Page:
How local allotments help the community?

Things are changing in the world of allotments. Once they were a place for the older gardener in their retirement now they seem to be increasingly popular with younger couples and families. Still the local authorities threat of closure hang over many of them.

Always looking for more space to build, pressure to release brownfield sites and ever increasing threats to close allotments local authorities are trying new tactics to get their waiting lists under control. They are cutting the size of the plots by half, thus allowing twice as many gardeners to share the same space. According to research by the National Allotment Society (NAS) younger people applying for their own plots has increased.

As a result the demographics have changed. Owners are now much more diverse with a mix of ages genders and backgrounds. The NAS are very happy with this change as it highlights the importance of protecting plots for future generations.

National Allotment Week

With it being National Allotment week this week – 10th – 16th August 2015 the NSA is encouraging local groups to to let them know about the councils who have been working hard to protect their existing sites and develop new ones.  They’ve also launched a ‘Plot for all Ages campaign Most plots date back to the 20th century but there is still a debate over the oldest allotment between Long Newnton, Shipton Moyne (on the Gloucester/Wiltshire border) date circa 1795 and the Coombe allotments in  Gloucestershire site, who claim to date back to 1763.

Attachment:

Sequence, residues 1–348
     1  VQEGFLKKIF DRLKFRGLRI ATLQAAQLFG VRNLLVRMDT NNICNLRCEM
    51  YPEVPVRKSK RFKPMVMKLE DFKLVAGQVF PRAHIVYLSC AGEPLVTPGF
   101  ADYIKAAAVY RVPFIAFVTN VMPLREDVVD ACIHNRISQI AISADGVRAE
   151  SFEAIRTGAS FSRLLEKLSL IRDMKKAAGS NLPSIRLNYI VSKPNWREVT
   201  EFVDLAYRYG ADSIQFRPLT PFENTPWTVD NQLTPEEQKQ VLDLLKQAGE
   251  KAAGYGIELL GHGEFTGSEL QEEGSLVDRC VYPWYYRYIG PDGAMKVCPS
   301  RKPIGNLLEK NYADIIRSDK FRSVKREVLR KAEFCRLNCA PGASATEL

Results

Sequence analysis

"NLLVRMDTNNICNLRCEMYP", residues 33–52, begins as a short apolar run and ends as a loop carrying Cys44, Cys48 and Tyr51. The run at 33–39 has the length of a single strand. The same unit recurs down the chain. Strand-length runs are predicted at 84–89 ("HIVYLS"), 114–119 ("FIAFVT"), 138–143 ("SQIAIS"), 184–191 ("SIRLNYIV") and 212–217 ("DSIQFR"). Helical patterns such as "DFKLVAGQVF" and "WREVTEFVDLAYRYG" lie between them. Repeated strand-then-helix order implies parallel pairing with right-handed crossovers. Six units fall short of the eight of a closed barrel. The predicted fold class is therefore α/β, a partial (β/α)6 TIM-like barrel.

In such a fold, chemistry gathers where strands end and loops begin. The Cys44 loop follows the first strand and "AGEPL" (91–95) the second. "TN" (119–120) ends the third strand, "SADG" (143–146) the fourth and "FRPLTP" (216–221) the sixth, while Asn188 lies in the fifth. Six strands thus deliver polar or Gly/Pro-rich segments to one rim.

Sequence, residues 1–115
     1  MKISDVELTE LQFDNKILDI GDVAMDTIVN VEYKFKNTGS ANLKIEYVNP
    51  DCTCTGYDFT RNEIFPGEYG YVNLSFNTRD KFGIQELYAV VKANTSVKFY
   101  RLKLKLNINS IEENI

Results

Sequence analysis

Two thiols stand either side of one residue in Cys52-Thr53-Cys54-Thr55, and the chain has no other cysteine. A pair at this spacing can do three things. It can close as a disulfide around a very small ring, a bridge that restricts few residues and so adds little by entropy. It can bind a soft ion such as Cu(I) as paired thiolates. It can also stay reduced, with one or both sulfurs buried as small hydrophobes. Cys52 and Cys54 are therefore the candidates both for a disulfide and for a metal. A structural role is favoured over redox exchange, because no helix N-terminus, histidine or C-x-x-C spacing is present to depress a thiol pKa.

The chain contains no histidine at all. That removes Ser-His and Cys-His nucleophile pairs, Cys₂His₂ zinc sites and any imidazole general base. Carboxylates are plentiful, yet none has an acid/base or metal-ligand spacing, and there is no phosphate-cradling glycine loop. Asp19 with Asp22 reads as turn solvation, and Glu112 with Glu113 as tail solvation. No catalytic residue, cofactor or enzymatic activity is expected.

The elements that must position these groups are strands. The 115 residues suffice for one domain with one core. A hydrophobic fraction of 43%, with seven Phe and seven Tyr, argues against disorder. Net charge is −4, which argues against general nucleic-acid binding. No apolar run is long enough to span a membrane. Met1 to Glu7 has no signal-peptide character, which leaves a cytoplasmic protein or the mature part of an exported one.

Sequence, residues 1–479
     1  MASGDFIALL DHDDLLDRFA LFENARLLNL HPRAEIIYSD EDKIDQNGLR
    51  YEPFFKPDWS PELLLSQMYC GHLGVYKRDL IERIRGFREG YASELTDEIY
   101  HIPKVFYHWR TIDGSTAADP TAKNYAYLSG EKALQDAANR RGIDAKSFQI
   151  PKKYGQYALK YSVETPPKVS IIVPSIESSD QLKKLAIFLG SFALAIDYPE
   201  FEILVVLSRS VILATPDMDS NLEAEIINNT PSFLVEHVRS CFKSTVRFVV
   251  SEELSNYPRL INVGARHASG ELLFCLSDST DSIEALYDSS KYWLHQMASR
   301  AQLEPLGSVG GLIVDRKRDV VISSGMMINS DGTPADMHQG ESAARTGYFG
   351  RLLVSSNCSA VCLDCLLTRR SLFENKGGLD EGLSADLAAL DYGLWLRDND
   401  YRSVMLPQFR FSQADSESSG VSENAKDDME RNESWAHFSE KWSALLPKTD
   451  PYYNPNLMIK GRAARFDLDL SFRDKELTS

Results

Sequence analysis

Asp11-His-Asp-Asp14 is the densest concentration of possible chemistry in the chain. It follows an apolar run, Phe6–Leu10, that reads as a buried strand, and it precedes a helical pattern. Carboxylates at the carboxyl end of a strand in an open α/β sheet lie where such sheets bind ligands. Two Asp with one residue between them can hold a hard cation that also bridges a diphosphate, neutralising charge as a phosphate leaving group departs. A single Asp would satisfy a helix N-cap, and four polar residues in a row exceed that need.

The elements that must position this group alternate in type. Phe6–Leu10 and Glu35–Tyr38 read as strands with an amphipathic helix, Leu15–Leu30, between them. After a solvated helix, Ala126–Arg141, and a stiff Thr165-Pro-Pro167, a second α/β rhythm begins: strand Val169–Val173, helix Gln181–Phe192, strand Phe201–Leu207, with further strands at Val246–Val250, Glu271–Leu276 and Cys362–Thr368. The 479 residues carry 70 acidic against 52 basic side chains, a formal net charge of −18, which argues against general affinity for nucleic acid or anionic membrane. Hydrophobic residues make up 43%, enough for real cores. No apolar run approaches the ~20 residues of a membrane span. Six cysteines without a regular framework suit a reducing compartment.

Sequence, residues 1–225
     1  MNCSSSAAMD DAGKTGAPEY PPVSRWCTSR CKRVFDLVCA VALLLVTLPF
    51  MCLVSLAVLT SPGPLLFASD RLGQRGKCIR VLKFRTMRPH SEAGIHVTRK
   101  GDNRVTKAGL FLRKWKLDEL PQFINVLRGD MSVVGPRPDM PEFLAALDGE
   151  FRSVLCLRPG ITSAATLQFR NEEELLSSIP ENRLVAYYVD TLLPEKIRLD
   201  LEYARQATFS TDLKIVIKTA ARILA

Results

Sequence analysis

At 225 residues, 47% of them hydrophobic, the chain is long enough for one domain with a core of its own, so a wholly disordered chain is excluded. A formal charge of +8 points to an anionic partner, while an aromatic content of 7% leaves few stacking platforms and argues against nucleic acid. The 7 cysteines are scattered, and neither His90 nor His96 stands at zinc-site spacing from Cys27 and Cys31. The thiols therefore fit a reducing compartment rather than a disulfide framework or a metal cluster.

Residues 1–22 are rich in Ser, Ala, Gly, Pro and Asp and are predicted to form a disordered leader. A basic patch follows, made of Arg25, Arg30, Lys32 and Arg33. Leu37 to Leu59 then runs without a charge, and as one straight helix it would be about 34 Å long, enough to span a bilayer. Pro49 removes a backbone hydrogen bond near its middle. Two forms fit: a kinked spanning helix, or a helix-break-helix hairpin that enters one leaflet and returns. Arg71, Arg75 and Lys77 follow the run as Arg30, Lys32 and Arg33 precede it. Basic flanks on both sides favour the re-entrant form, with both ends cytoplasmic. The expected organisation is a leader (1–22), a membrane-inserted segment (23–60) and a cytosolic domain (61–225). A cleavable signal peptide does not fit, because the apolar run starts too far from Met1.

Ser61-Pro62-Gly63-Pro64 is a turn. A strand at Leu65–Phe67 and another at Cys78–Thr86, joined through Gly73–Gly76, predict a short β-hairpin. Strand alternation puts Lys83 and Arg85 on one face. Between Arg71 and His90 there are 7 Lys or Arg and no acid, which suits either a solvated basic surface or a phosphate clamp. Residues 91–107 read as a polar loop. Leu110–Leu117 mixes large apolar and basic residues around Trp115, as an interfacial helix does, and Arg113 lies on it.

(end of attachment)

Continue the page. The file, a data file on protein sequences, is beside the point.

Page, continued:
An estimated 350,000 in Britain have allotments with nearly 800,00 on waiting lists. A freedom of information request by the Save All Allotments campaigners found that, between 2007 and 2014, 194 out of 198 applications to close allotments were granted by the secretary of state. The Department for Communities and Local Government has said that 2,000 new allotment places were created in the past few years but has no figures for how many have been lost.

Allotments couldn’t be more vital

Di Appleyard of the NAS said that, as people are ending up with smaller and smaller gardens, allotments have never been more vital. “They are wonderful for mental health, for creating community, but there is a problem in that it’s the right to grow that is protected by statute, so if a council wants a bit of land it really doesn’t have to take account of the community there.

“But a lot of councils are respecting their allotments and not trying to get rid of them despite the pressures,” she said. She added that the once traditional “allotment officer” post was mostly disappearing, leaving many allotments unmanaged, while other councils were raising rents.

“Allotments are of course vulnerable with the pressure on urban space increasing,” Appleyard said. “But there are ways to fight back and things people can do. People power is an impressive thing.”